Letters to the Editor

Will U.S. military be responsible for protecting Trump’s hotels?

Who’s responsible for Trump’s hotels?

Re “Trump’s projects in Asia move ahead” (Page 6A, Jan. 1): The president-elect proudly boasts how his company has an interest in hotel properties around the world. Assume that after Jan. 20, one of these hotels become targets of a terrorist attack. How will President Donald Trump respond?

Will he send U.S. military to protect his property? What if he sends a private military agency like Blackwater founded by Erik Prince, the brother of Betsy DeVos, Trump’s nominee for secretary of education? Would U.S. taxpayers be on the hook for this use of military force?

Would this be a conflict of interest? The U.S. has no historic precedent to define what remedy is available to taxpayers. Maybe we should take a moment to consider if such events occur, how shall we respond?

Frank Horowitz,

Sacramento

Trump must be free of conflicts

Re “Trump’s business conflicts flout the Constitution” (Viewpoints, Jan. 3): President-elect Donald Trump should not be sworn in until Congress decides that he can serve as president without any conflict of interest. The president should receive only his salary and should not receive “any present, Emolument, Office, or Title, or any kind whatever, from any King, Prince, or foreign State.”

Trump must sell all his holdings in his corporations in the United States and overseas before assuming the presidency. How else can we be sure he is thinking about the welfare of the American people, rather than thinking about his own financial interests?

Bruce Burdick, Carmichael

What’s bigger than our democracy?

Re “Trump still not sold on Russian link to hacking” (Sacbee, Jan. 1): In an effort to forgo questions as to the legitimacy of his presidency, Donald Trump’s responds to Russian interference into the presidential election by saying, “It’s time for our country to move on to bigger and better things.”

Tell us, President-elect Trump, what’s bigger than protecting the integrity of U.S. elections from a foreign government trying to install its preferred candidate into the White House?

Richard Nano, Roseville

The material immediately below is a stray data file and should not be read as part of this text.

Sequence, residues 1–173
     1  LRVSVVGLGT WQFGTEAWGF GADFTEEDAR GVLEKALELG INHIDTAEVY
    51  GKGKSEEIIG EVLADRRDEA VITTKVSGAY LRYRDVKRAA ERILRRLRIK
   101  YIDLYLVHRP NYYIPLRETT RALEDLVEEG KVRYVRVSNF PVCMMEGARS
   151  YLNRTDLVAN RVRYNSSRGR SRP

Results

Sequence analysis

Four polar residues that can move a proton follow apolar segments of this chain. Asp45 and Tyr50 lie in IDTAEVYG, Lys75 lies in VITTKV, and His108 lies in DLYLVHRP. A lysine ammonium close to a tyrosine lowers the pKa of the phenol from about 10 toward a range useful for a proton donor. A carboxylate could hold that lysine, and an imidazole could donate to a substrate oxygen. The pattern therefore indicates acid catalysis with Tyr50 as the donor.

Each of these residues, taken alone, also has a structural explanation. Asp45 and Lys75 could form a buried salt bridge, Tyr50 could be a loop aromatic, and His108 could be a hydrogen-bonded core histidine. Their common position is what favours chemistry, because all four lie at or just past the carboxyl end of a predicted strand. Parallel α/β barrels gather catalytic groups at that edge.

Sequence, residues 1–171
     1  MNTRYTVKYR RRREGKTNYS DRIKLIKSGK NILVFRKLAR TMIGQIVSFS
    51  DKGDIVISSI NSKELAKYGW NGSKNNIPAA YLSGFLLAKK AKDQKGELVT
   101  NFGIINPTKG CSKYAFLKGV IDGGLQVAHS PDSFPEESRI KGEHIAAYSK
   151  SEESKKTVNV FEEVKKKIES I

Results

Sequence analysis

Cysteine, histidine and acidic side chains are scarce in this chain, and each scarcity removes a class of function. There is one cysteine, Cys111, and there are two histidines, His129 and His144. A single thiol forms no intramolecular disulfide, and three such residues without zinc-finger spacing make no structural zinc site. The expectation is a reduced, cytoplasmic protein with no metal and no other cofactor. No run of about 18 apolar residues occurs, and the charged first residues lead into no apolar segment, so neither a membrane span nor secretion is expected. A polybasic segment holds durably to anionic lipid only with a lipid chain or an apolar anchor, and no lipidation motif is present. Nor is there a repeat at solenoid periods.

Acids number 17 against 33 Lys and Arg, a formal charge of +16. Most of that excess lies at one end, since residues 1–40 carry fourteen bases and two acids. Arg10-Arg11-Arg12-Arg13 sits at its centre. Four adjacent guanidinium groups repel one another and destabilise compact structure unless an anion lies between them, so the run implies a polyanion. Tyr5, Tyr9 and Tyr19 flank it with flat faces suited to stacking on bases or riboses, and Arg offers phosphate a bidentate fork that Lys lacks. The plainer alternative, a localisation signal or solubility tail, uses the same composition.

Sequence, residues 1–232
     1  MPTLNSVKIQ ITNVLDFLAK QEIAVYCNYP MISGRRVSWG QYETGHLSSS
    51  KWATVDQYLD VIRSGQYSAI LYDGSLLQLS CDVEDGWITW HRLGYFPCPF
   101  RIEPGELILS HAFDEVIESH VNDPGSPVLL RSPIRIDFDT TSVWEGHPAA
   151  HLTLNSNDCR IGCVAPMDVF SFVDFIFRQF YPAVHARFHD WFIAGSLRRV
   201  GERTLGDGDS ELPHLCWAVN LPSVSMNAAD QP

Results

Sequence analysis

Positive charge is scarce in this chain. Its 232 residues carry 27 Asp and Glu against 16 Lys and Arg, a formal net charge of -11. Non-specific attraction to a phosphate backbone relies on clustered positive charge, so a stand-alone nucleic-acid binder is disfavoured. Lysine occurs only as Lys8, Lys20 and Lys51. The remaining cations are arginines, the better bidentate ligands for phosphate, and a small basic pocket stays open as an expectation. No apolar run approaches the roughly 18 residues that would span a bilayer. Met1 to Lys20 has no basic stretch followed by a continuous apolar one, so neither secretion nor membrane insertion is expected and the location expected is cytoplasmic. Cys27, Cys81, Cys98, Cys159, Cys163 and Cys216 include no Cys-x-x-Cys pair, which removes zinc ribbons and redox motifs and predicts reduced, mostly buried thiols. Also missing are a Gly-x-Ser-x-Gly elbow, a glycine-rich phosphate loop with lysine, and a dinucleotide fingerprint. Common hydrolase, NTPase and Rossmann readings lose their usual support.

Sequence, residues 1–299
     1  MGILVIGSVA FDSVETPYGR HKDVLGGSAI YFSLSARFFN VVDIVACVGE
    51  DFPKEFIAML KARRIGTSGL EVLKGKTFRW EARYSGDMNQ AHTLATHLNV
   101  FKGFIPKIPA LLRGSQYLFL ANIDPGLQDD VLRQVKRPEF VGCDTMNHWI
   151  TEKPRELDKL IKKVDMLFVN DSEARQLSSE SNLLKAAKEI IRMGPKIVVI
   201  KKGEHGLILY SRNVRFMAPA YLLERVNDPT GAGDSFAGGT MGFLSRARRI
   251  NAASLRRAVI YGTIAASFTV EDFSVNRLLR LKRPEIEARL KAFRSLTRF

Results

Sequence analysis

Bill targets fentanyl traffickers

Re “Fentanyl is deadly drug du jour” (Editorials, Jan. 3): The editorial correctly points out that reversing the tragic trend of fentanyl-related deaths “will take work on many fronts.”

Last year, I introduced Senate Bill 1323 with Sen. Bob Huff that would have added fentanyl to the list of drugs such as heroin and cocaine that are subject to criminal penalty enhancements by weight. The bill specifically targeted traffickers and not users, and the Senate approved it on a unanimous vote. Unfortunately, the bill stalled in the Assembly Appropriations Committee.

I intend to introduce the bill again this year because the illegal supply of fentanyl continues to put the lives of many Californians at risk. By cracking down on traffickers, boosting access to addiction treatment and educating the public, we can help save lives from a very deadly drug.

State Sen. Patricia Bates, Laguna Niguel

Hall of Fame needs a reality check

Re “Baseball writers rethinking steroid-era players” (Insight, Jan. 3): It’s about time those who hold the keys to baseball’s Hall of Fame actually reconsidered their myopic view that some of those who played in the so-called steroid-era should be forever barred.

It’s no coincidence that the two most notable players – Barry Bonds and Roger Clemens – were not loved by these same sportswriter/moralists. But while they seem to have correctly observed that individuals who also benefited from the era, e.g. Bud Selig, have been allowed in, they still don’t get that neither they, nor we fans, know how many players tried or used steroids are already in the Hall of Fame.

The unofficial ban is unfair and arbitrarily exercised. It’s well past time for baseball to recognize the injustice of overcorrection.

Nancy Luque, Carmichael

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